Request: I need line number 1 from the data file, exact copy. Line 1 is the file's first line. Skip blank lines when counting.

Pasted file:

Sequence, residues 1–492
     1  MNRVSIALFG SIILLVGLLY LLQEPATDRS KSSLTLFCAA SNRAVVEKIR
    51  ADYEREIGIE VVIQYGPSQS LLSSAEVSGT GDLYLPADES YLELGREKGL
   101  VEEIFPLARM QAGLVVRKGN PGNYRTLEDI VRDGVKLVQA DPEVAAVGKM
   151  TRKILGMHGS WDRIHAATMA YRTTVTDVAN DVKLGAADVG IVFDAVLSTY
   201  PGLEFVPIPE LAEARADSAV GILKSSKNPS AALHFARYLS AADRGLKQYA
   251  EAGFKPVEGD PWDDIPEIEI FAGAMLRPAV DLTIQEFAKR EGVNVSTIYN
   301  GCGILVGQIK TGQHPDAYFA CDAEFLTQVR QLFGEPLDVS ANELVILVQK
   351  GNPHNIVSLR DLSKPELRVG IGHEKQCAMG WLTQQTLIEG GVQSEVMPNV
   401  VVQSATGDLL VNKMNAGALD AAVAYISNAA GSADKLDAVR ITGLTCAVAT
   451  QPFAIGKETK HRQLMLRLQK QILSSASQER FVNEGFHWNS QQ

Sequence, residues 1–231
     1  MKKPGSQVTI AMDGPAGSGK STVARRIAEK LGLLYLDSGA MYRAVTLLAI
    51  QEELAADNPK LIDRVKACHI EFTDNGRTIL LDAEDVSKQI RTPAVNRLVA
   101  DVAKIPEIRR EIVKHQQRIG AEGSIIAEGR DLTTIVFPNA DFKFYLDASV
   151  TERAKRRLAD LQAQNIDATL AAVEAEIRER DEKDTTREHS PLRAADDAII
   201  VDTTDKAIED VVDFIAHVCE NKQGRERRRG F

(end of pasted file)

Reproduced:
Sequence, residues 1–492